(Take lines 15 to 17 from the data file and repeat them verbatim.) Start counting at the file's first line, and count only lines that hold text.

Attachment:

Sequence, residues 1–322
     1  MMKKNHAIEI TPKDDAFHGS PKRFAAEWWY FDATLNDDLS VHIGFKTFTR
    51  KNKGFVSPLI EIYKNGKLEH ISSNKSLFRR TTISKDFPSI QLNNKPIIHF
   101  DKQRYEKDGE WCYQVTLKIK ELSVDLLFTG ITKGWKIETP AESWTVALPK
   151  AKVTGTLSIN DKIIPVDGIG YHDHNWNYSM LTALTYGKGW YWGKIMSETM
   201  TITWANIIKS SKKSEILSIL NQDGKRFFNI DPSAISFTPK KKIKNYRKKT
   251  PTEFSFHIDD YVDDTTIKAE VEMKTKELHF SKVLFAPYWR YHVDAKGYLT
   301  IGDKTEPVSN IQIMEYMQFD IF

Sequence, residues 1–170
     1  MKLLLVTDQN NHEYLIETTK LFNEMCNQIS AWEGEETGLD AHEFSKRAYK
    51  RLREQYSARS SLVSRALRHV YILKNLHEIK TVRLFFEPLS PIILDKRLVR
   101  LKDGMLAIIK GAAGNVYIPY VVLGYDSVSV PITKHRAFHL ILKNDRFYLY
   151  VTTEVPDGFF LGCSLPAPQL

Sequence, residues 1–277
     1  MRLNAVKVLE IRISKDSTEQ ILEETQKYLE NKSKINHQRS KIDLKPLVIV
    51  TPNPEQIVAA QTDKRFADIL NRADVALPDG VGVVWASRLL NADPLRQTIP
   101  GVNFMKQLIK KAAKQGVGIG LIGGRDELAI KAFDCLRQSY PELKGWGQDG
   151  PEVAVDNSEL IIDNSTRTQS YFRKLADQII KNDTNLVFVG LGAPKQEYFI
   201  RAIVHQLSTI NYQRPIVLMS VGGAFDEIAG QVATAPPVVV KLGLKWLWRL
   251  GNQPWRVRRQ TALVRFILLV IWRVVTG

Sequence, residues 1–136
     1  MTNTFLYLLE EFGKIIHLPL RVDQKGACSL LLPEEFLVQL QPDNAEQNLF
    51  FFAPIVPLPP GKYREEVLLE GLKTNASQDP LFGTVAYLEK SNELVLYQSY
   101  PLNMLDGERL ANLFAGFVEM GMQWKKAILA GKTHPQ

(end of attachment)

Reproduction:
     1  MRLNAVKVLE IRISKDSTEQ ILEETQKYLE NKSKINHQRS KIDLKPLVIV
    51  TPNPEQIVAA QTDKRFADIL NRADVALPDG VGVVWASRLL NADPLRQTIP
   101  GVNFMKQLIK KAAKQGVGIG LIGGRDELAI KAFDCLRQSY PELKGWGQDG